Leaving facebook?

A colleague over at Bright Beehive recently wrote about one of his friends leaving Facebook. Writing a departure note, and citing it as a ring fenced corner of the Internet, engulfing a group of users, some of whom may experience nothing more than Facebook.

I can relate to the idea that facebook is perhaps a ‘walled garden’ of sorts. I really hate that term – ‘walled garden’. I associate it with some past examination board approaches to providing secure access to their data or systems. It clearly says ‘this is ours, not yours – stay out’. Fair enough in this example, but Is that what Facebook is saying, or wanting to say? Maybe. Maybe not. Facebook has always been about getting everyone involved, and that’s when social media works best. If you’re ‘in’ Facebook, and so are all your friends, then great (you’re in the ‘walled garden’). I have friends who are not ‘in’, and it’s true that i don’t communicate with them so regularly as a result.

Also true, is that once you are ‘in’, you have become part of this massive tribe of users, all connected to Facebook through the multitude of methods by which you can now connect; apps, browsers, feeds and more. That’s okay though, isn’t it? Tribes form when people with shared values come together, and good things can happen. The Facebook tribe is massive, on a scale like nothing before seen in our digital age.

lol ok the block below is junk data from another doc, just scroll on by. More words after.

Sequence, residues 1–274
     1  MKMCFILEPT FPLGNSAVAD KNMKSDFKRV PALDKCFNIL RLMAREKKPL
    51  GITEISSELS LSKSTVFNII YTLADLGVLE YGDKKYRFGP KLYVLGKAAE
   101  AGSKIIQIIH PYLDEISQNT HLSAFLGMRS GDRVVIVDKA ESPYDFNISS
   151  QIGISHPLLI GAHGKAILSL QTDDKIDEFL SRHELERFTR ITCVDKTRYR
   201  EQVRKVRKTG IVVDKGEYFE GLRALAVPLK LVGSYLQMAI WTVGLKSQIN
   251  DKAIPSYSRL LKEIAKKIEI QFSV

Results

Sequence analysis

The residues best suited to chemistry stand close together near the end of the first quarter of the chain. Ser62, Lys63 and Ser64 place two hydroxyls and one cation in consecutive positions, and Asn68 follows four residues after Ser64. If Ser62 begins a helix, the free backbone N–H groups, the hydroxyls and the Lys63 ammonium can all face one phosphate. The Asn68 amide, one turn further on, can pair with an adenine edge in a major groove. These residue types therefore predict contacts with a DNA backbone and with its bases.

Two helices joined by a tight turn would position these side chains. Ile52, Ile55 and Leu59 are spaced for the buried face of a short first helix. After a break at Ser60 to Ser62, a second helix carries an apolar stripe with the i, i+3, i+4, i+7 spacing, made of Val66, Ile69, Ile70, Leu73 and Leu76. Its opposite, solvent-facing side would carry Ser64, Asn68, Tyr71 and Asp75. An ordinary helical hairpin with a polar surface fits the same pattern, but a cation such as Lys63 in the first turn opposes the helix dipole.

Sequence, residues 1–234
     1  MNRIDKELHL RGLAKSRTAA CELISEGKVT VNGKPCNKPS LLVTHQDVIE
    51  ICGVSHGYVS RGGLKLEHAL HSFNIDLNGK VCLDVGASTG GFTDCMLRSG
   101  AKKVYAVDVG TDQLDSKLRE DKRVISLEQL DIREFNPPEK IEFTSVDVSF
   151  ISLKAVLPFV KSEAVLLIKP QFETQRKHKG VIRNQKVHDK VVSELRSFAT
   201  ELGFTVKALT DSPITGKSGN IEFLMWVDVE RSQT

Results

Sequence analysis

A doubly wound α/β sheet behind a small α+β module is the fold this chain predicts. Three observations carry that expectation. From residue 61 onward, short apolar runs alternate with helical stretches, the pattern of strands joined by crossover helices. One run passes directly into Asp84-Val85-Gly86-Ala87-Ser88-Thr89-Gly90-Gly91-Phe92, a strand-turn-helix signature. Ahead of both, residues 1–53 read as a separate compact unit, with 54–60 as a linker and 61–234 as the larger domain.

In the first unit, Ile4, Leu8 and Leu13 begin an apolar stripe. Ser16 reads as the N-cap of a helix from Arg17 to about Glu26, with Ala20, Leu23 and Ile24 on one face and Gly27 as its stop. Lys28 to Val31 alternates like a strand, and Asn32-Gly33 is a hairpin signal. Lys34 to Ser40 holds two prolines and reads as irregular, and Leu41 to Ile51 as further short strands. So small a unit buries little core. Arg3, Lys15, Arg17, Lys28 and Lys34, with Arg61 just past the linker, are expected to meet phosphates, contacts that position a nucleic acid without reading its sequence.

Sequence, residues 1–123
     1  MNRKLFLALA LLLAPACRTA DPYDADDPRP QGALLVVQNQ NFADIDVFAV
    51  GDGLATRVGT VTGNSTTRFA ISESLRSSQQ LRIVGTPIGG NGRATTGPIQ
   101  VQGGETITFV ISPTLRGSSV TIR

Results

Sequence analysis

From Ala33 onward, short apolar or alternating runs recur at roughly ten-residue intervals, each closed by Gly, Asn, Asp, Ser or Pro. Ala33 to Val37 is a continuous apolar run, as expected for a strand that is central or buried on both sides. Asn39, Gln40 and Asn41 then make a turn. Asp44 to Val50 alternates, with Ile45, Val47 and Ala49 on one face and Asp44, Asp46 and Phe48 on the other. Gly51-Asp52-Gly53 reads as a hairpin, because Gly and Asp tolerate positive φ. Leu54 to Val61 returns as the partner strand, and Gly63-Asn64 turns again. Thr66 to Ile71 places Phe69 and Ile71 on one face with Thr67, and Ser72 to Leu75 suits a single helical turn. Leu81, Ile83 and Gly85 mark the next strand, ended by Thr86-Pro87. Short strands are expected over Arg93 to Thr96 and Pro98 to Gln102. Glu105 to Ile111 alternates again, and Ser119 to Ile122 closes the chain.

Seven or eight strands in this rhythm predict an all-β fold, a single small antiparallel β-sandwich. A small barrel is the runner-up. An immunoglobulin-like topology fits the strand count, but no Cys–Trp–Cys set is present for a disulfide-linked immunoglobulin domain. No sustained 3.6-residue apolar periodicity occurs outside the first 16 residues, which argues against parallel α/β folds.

Facebook may be the one of the first global ‘tribes’, but it surely won’t be the last. Do you remember your parents resistance toward the mobile phone? I do. I remember my parents commenting about my first; ‘what do you want one of those for?’. No surprise though that both have become accustomed to mobiles, both carry one of their own, and regularly use short messaging features.

I’ve just claimed my Facebook mail address, and I’m absolutely sure that many students are doing the same. What’s going to happen when facebook mail becomes more widely established? It’s free to all, just like similar major services, and only a matter of time before it’s regarded as a standard feature. Sure, not every generation will adopt Facebook mail just as some choose not to use location based check-in services, and the still significant number who haven’t joined Facebook at all. Generation Y and later are likely to regard Facebook as the ‘norm’, along with check-ins and Facebook mail.